Wednesday, 22 December 2004

Entitlement reform

Once again I find myself in agreement with Joe Lieberman:

A rejoinder to this rejoinder is now being beta-tested by Sen. Byron Dorgan: Republicans exaggerate the “crisis” of Social Security, which can be fixed with a few modest tax hikes. Uh huh, in the sense that a bankrupt man might still be able to manage his car payments . . . if you ignore the fact that he owes house payments too.

House payments, in this case, are the unfunded liabilities of Medicare, which vastly outstrip even the unfunded liabilities of Social Security, by a margin of $62 trillion to $10 trillion. For several years, the nonpartisan board of Social Security and Medicare Trustees has flagged these figures, which everyone ignored. Joe Lieberman last year introduced a Senate bill to recognize these obligations in the federal budget. He was ignored.

Yet since Mr. Bush introduced the subject of Social Security reform at his party’s September jamboree, public debate has surged ahead of the White House and its Democratic sparring partners. USA Today, to give the underrated McPaper its due, produced a report in October forcing Medicare into the picture, noting it would take $53 trillion invested today to cover the $200 trillion in shortfalls the program is expected to generate just over the lifetimes of today’s youngest workers. By Monday night, even Peter Jennings of ABC News had decided there’s a story here.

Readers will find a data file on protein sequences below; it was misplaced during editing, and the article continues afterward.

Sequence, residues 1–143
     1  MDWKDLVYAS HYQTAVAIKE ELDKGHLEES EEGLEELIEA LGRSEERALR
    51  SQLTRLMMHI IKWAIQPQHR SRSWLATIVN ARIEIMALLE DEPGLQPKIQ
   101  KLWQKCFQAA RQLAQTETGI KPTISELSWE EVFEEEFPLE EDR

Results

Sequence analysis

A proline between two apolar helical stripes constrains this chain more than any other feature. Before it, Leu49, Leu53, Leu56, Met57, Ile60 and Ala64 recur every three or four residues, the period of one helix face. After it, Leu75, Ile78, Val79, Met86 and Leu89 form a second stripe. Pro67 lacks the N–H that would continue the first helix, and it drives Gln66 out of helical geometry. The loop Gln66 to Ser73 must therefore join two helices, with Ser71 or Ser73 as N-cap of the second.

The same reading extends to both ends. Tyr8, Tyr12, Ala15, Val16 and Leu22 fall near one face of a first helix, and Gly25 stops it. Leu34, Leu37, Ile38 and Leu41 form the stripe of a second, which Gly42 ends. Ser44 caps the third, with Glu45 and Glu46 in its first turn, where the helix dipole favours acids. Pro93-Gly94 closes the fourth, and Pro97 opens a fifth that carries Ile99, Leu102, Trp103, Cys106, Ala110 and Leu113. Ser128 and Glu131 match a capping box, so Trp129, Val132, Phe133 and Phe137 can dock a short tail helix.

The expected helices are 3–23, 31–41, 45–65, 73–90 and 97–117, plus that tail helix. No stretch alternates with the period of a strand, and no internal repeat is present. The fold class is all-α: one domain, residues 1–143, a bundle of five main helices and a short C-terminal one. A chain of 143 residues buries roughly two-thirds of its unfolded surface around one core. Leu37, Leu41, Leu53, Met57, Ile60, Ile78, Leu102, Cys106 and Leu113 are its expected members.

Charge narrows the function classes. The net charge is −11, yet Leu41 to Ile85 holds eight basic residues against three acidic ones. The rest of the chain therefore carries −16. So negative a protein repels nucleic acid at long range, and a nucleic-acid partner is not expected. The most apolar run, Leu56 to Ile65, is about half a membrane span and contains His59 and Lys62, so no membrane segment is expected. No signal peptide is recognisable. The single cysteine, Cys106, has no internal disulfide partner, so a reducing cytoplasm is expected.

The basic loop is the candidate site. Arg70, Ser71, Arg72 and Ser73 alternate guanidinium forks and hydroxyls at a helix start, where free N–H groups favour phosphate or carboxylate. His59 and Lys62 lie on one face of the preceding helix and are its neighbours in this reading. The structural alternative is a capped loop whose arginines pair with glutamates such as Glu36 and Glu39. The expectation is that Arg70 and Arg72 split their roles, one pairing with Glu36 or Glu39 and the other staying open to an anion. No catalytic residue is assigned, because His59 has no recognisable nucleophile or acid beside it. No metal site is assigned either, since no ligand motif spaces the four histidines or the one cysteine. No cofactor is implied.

Adding the unfunded liabilities of entitlements to the federal budget would be a great idea and would go a long way towards getting rid of the notion that there’s a trust fund, or that these benefits are “free”. It’s a good idea, so it naturally get’s dumped.

1 comment:

Any views expressed in these comments are solely those of their authors; they do not reflect the views of the authors of Signifying Nothing, unless attributed to one of us.
[Permalink] 1. Barbara Skolaut wrote @ Thu, 23 Dec 2004, 7:33 pm CST:

“It’s a good idea, so it naturally gets dumped.” That was my first thought, too.

I’d like to think I came to the same conclusion as you because I’m getting smarter, economics-wise.

But I think it’s more likely I’m benefiting from the “stopped clock” syndrome. ;-p

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